“There aren’t many opportunities when we reach our 30s to do this: to be able to see what my limits are. It’s very motivating,” Wendorff, a past high school swimmer and track star, says. “The last 10 to 13 miles of an Ironman are challenging. I love the training and competing. Once she started her law career, she stopped exercising and gained weight. When she turned 30 and a long-term relationship ended, she decided to get into shape and try triathlon.

 

Logging up to 20 hours a week of training can be tricky. “Balancing everyday responsibilities takes a lot of planning and time management,” Wendorff says. “Sacrifices are made and my social life takes a bit of a hit.” She works with her coach training year round, with long runs and bike rides on the weekends sometimes topping seven hours a session.

 

But it’s all paid off. She competed in the Ironman World Championships in Kona in October 2013 by qualifying at the Ironman 70.3 Auckland, New Zealand event with a second place age group finish. Wendorff also won her age group in April competing in the Puerto Rico 70.3.

 

When work requires travel, she searches for pools, gyms and running routes convenient to where she’s staying. With intense training, she’s dealt with some knee issues and Achilles tendonitis that required her coach to tweak her training schedule to keep her going.

 

In 2014, she plans to compete in Eagleman 70.3, Ironman Coeur d’Alene, the USA Triathlon Nationals in Milwaukee, Ironman 70.3 Worlds in Canada and several more races at varying distances to help her prepare and train for Ironmans. “I am now at a point where I can’t imagine living without triathlon and have a huge circle of wonderful people in my life who I have met through the sport,” Wendorff says.

 

Relying on Stamina

Ray Pelelas is a multisport fanatic. In June, he’ll run the 56-mile Comrades Marathon in South Africa, ride the 200K Horrible Hilly bike race in Wisconsin and race two Olympic distance triathlons, all to prepare him for Door County Half Iron in July, then tackle Ironman Wisconsin in September and Ironman Florida in November.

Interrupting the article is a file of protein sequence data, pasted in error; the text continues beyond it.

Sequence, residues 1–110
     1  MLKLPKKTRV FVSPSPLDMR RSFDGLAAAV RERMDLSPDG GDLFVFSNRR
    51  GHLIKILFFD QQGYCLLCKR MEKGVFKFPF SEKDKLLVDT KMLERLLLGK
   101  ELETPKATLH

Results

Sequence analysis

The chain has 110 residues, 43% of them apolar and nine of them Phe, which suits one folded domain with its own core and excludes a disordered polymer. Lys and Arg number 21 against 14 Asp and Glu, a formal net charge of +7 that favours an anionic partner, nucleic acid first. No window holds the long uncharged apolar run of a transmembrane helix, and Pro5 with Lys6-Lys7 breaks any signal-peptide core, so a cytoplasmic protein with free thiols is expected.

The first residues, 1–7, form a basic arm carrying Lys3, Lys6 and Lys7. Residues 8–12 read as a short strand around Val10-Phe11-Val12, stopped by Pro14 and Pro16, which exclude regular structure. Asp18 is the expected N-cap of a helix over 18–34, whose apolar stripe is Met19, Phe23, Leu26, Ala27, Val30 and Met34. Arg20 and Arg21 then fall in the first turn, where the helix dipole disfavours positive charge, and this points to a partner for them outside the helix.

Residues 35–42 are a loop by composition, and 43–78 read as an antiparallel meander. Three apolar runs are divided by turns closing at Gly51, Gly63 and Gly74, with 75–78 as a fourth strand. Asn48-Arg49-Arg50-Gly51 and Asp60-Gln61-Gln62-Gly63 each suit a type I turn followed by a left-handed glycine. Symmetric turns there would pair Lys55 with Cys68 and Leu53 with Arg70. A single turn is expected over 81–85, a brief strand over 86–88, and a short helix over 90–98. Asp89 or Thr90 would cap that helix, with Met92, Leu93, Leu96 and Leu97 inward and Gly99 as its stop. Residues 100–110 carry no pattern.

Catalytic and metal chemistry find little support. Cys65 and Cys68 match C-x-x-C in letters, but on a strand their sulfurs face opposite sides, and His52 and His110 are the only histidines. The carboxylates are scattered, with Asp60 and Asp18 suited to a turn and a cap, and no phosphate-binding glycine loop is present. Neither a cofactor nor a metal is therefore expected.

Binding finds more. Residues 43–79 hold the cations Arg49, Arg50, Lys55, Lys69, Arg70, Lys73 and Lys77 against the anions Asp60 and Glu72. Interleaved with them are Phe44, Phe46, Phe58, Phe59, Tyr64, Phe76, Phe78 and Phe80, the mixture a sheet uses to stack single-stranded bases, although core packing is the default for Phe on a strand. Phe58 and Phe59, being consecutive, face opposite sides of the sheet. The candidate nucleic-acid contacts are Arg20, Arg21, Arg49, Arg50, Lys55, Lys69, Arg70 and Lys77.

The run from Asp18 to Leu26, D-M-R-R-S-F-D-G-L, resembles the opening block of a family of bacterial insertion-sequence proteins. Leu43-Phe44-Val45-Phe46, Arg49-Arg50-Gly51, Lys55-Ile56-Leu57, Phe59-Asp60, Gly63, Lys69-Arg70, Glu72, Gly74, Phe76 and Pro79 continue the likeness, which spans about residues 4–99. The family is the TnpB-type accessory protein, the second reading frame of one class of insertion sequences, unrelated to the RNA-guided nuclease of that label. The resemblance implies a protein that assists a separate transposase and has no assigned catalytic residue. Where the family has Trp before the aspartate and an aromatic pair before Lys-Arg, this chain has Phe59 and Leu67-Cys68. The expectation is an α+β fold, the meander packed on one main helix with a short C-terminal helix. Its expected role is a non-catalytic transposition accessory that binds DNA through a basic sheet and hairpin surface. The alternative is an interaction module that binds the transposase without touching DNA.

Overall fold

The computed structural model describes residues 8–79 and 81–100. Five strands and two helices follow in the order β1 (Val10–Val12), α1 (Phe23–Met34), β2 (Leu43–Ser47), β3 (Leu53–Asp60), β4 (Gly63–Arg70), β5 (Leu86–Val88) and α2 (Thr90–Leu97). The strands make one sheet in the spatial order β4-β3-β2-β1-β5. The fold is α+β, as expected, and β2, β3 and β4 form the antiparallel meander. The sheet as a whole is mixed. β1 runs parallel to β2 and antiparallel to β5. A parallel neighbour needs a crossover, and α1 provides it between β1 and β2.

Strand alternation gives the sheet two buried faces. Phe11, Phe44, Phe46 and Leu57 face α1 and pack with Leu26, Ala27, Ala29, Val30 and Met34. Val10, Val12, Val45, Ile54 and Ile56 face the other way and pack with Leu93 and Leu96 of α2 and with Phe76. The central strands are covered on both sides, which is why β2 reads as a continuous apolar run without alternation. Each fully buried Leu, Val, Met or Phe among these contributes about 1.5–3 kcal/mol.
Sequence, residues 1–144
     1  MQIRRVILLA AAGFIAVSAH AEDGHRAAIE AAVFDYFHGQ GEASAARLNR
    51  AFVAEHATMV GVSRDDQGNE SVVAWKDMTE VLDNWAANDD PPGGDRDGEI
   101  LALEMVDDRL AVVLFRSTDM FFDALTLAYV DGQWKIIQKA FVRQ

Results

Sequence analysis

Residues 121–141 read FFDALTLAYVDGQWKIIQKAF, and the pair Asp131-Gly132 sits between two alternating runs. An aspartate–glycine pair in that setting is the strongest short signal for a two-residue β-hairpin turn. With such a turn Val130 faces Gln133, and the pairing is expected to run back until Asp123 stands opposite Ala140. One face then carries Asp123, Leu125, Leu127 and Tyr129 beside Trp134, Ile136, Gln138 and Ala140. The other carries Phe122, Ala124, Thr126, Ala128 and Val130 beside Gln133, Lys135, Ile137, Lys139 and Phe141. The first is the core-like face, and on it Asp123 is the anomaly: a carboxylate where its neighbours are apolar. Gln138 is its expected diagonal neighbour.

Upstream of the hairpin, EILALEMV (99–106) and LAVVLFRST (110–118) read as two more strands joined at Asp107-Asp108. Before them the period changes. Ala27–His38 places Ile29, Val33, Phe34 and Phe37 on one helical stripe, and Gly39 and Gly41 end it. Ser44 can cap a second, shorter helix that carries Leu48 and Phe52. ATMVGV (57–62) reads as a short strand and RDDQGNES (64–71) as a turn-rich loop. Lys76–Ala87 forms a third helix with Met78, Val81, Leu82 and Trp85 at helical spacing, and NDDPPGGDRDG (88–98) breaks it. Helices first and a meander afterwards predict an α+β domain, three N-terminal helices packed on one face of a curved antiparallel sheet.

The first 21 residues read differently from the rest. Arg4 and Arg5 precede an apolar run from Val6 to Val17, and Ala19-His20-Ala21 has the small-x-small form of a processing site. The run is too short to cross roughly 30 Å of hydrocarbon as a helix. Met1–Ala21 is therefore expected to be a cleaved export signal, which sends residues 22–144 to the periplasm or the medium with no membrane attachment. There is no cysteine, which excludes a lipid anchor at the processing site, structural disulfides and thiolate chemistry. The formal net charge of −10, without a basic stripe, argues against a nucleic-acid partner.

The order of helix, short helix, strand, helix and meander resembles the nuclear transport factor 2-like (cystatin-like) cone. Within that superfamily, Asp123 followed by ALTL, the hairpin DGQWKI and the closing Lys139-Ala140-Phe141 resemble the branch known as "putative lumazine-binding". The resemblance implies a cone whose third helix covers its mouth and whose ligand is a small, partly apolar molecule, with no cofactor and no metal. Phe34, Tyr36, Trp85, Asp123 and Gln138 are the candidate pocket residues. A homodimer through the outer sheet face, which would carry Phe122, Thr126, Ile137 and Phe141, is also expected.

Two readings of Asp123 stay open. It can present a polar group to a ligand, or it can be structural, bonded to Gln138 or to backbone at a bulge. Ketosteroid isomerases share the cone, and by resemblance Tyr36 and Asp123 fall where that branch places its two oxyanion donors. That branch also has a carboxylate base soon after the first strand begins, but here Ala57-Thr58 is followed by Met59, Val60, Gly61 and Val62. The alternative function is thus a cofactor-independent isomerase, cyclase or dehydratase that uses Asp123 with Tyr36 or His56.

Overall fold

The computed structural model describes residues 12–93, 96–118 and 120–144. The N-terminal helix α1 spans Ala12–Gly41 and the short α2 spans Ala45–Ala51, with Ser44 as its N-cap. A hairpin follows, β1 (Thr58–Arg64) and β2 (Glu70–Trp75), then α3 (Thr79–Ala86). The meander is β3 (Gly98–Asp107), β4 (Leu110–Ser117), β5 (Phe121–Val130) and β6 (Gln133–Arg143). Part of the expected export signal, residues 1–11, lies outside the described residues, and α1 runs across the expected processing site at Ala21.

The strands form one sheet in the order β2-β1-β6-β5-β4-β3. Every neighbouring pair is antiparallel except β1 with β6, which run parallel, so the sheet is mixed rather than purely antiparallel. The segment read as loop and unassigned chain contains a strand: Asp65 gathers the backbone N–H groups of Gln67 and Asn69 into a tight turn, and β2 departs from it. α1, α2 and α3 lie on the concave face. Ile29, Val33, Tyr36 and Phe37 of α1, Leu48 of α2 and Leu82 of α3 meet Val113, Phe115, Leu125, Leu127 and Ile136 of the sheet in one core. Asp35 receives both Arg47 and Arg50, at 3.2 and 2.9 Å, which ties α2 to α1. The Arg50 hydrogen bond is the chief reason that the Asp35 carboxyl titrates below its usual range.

Pelelas’s driving force to become a triathlete stems from his fear of open water. Twenty-two years ago, he committed to learning to swim in open water. “It’s a valuable life skill that propelled me into the triathlon world,” Pelelas, the 45-year-old owner of Chicago Multisport, says. “I wanted to become a proficient swimmer longer in open water and as a form of fitness.”

 

Pelelas ran marathons for 10 years before turning to triathlons. He’s raced 10 Ironman events since 2009, finishing three his inaugural year, each two weeks apart. He admits that was a little crazy. The many miles that span the Ironman distance keeps Pelelas intrigued, since the chances for mishaps rises exponentially over the course of the day. When others falter, he says strong and steady, increasing his chances to do better than his age group competitors.

 

He had to draw upon his stamina last fall when his mother was diagnosed with ovarian cancer, he got married and raced Ironman Wisconsin two weeks after his wedding. He and his wife, Anastasia, enjoyed their honeymoon in Maui, Hawaii, then Pelelas returned home to compete in Ironman Florida on Nov. 3. Pelelas knew he had banked preparation from doing each discipline three times per week with long bikes and runs on the weekends. He sacrificed some training but was motivated to not give up and race for his mom.

 

This year, Pelelas continues to focus on training clients between 7 a.m. and 10 a.m. and fits in his workouts mid-day, typically doing open water swims at Ohio Street Beach, cycling and running by himself during the week, then coaches clients again between 5 p.m. and 8 p.m. Pelelas organizes his training year into 16-week blocks three times a year, with training blocks building into each goal race.

 

Time management may prove to be a bit more challenging for Pelelas, who is moving with his wife in June and hopes to start a family soon. His sights are on Kona after he completes his 12th Ironman later this year. With mixed emotions he says he’s not looking forward to Kona’s difficult course, but the race, he imagines, will be an amazing experience.